Re: NSA Suite B Cryptography

2005-10-15 Thread Sidney Markowitz
Joseph Ashwood wrote: U, no. The NSA only licensed the right to use (and sublicense under special circumstances) the patents [...] [snip the rest, it was based on a failed assumption] Poor phrasing on my part. Exactly as you said, the patent sublicense cannot be passed on even if the code

Re: NSA Suite B Cryptography

2005-10-15 Thread Steven M. Bellovin
In message [EMAIL PROTECTED], Sidney Markowitz writes: The possible twist that I see is if the NSA declares that any freely available open source software that interoperates with Suite B is by definition in support of US national security interests and therefore automatically gets one of their

Re: NSA Suite B Cryptography

2005-10-14 Thread Sidney Markowitz
Excerpt from Fact Sheet on NSA Suite B Cryptography http://www.nsa.gov/ia/industry/crypto_suite_b.cfm NSA has determined that beyond the 1024-bit public key cryptography in common use today, rather than increase key sizes beyond 1024-bits, a switch to elliptic curve technology is warranted. In

Re: NSA Suite B Cryptography

2005-10-14 Thread Ben Laurie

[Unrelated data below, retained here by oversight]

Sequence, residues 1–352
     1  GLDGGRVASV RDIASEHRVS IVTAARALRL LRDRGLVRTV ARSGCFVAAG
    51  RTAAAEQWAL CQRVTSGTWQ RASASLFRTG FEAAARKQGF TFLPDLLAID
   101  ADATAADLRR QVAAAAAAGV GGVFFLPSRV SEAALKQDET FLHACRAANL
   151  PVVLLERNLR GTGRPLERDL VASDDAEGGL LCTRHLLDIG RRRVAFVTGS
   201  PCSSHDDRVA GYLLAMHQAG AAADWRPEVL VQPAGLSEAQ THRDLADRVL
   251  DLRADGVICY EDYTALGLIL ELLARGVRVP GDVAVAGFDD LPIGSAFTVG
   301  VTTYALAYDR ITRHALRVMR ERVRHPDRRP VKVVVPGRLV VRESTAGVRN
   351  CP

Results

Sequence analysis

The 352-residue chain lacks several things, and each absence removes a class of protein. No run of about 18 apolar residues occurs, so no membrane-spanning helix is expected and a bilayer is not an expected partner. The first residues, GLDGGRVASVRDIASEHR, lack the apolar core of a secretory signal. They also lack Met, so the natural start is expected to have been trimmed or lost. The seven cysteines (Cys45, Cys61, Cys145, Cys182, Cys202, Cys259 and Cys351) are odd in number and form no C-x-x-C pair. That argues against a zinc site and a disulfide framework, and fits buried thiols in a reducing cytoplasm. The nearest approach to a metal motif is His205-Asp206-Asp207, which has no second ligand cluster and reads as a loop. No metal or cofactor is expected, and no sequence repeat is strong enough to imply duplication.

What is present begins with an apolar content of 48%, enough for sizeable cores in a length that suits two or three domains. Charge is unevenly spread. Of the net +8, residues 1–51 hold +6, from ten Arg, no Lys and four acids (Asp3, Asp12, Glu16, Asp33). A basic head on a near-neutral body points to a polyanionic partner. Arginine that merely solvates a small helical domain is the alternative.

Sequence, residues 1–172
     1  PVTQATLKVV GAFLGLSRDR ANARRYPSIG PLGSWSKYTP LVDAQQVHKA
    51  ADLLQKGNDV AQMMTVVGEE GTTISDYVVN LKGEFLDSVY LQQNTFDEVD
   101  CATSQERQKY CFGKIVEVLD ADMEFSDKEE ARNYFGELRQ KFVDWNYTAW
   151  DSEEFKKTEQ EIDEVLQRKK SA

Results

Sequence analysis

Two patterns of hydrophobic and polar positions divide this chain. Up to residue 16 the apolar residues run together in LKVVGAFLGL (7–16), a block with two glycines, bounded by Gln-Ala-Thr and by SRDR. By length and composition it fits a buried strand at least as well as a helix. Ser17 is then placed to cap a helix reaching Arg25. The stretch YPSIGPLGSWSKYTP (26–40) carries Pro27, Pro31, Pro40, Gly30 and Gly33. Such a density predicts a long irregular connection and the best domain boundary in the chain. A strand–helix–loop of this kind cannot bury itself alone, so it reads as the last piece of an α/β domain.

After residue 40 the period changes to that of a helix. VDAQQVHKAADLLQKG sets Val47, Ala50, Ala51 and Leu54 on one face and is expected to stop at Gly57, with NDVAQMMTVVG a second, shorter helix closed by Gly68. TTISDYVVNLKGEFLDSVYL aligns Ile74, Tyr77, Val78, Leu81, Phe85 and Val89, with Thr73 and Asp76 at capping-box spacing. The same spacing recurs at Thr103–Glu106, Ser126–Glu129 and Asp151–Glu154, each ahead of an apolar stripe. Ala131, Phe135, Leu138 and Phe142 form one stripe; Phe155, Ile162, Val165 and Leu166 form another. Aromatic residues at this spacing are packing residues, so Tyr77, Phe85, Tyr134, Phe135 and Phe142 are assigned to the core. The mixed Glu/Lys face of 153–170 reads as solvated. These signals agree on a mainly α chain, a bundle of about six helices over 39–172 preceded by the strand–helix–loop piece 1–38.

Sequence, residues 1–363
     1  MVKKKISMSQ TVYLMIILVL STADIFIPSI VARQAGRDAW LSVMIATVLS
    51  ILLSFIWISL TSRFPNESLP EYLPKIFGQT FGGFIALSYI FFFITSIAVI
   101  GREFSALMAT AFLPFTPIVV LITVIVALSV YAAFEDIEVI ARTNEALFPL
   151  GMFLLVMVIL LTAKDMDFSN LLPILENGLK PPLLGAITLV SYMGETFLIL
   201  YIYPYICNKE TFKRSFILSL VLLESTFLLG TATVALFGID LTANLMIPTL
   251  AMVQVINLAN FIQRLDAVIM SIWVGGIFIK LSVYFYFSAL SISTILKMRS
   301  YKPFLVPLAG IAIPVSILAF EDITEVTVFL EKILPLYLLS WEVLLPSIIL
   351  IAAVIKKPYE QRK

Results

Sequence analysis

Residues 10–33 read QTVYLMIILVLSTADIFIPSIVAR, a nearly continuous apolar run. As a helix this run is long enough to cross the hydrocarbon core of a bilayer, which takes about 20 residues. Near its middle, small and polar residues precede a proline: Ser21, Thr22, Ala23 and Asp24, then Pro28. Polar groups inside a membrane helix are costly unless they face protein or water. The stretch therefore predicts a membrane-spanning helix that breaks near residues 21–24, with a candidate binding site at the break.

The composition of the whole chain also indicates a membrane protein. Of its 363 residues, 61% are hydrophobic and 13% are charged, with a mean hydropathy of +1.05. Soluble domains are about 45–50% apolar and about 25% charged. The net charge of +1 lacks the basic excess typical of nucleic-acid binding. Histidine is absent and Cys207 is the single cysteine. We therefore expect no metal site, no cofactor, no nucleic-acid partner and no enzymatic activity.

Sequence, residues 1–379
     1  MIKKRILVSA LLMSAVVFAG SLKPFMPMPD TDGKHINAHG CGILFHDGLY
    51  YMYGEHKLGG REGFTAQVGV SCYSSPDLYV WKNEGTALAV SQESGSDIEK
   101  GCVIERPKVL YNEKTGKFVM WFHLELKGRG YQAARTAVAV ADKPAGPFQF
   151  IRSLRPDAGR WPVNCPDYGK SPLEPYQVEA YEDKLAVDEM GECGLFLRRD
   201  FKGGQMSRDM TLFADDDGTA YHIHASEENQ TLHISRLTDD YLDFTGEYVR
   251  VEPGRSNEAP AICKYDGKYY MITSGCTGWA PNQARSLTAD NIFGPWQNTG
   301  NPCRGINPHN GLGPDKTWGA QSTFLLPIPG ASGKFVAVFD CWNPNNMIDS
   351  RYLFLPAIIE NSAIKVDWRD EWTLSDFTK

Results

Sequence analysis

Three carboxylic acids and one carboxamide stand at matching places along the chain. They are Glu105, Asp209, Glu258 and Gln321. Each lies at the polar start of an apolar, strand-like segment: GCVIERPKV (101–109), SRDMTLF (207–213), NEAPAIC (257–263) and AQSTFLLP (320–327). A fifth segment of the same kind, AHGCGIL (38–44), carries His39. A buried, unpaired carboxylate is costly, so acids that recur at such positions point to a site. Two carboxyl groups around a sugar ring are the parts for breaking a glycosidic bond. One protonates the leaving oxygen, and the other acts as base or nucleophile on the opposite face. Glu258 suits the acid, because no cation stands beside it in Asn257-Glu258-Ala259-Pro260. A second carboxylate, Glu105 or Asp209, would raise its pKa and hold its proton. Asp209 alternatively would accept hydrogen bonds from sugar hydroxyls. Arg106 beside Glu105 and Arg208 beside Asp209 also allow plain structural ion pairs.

Sidney Markowitz wrote: Excerpt from Fact Sheet on NSA Suite B Cryptography http://www.nsa.gov/ia/industry/crypto_suite_b.cfm NSA has determined that beyond the 1024-bit public key cryptography in common use today, rather than increase key sizes beyond 1024-bits, a switch to elliptic curve

Re: NSA Suite B Cryptography

2005-10-14 Thread Ian G
Sidney Markowitz wrote: Excerpt from Fact Sheet on NSA Suite B Cryptography http://www.nsa.gov/ia/industry/crypto_suite_b.cfm NSA has determined that beyond the 1024-bit public key cryptography in common use today, rather than increase key sizes beyond 1024-bits, a switch to elliptic curve

Re: NSA Suite B Cryptography

2005-10-14 Thread Sidney Markowitz
Ian G wrote: Which is to say, NSA solved its problem and it is nothing to do with FOSS. If you wrote a Suite B program and distributed it under a BSD license after getting a sub-license for the patent from the NSA, presumably I could take that code, modify it, and then in order to use or